• 1. Global Health Workforce Alliance, WHO (2013). A universal truth: no health without a workforce. Geneva: World Health Organization.
    • 2. Department of Health (2011). Human resources for health South Africa: HRH strategy for the health sector: 2012/13 2016/17. Pretoria: Government Printer.
    • 3. Rispel LC, Barron P. Valuing human resources: key to the success of a National Health Insurance System. Dev South Afr 2012; 29: 616 35.
    • 4. Department of Health (2013). National Strategic Plan on nurse education, training and practice 2012/13 2016/17. Pretoria: Government Printer.
    • 5. Coovadia H, Jewkes R, Barron P, Sanders D, McIntyre D. The health and health system of South Africa: historical roots of current public health challenges. Lancet 2009; 374: 817 34.
    • 6. Averett SL. Moonlighting: multiple motives and gender differences. Appl Econ 2001; 33: 1391 410.
    • 7. Berman P, Cuizon D (2004). Multiple public private jobholding of health care providers in developing countries: an exploration of theory and evidence. London: Department for International Development Health Systems Resource Centre.
    • 8. Ferrinho P, Van Lerberge W, Fronteira I, Hipolito F, Biscaia A. Dual practice in the health sector: review of the evidence. Hum Resour Health. 2004; 2. DOI: 1186/478-4491-2-14.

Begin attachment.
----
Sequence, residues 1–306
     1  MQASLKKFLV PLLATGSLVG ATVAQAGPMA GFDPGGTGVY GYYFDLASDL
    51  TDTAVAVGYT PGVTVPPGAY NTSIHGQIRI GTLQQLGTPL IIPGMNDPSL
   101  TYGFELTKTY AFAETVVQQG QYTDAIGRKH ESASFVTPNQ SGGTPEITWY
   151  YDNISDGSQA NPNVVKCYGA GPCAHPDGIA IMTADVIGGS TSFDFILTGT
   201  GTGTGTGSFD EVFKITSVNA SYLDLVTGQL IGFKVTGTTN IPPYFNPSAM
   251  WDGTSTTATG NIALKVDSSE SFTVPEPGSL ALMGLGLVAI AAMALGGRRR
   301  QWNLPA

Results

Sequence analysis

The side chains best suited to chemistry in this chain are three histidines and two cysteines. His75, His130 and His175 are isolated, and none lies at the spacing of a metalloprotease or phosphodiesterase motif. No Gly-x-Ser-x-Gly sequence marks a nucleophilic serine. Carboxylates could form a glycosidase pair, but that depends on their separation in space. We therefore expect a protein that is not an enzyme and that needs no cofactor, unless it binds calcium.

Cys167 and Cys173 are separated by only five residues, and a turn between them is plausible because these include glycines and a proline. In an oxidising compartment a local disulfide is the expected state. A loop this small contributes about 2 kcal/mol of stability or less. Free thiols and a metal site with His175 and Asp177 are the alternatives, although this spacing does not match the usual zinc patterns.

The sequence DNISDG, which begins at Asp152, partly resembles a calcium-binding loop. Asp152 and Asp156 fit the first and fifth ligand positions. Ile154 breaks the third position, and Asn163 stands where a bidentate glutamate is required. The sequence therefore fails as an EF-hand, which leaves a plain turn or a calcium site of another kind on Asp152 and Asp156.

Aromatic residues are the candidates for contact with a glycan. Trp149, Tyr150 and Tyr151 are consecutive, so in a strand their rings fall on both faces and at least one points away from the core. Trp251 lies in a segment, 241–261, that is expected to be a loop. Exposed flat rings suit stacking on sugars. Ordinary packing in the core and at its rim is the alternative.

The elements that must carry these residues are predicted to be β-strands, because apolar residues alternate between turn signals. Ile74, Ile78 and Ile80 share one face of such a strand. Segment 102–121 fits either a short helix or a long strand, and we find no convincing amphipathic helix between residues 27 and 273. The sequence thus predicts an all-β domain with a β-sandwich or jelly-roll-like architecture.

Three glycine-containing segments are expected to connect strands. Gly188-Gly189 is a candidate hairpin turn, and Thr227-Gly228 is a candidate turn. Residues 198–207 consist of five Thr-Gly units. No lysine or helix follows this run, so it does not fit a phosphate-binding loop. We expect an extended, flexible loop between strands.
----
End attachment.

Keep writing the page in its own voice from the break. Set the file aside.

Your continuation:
• 9. Betts SC. The decision to moonlight or quit: incorporating multiple jobholding into a model of turnover. J Organ Cult Comm Conflict 2006; 10: 63 78.
    • 10. Cohen SN, Leeds MP. The moonlighting dilemma, balancing education, service and quality care, while limiting risk exposure. JAMA 1989; 262: 529 31.
    • 11. Culler SD, Bazzoli GI. The moonlighting decisions of resident physicians. J Health Econ 1985; 4: 283 92.
    • 12. Allen WA. The moonlighting decision of married men and women: family and labor market influences. Atl Econ J 1998; 26: 190 205.
    • 13. Wickens MR. Towards a theory of the labour market. Economica 1974; 41: 278 94.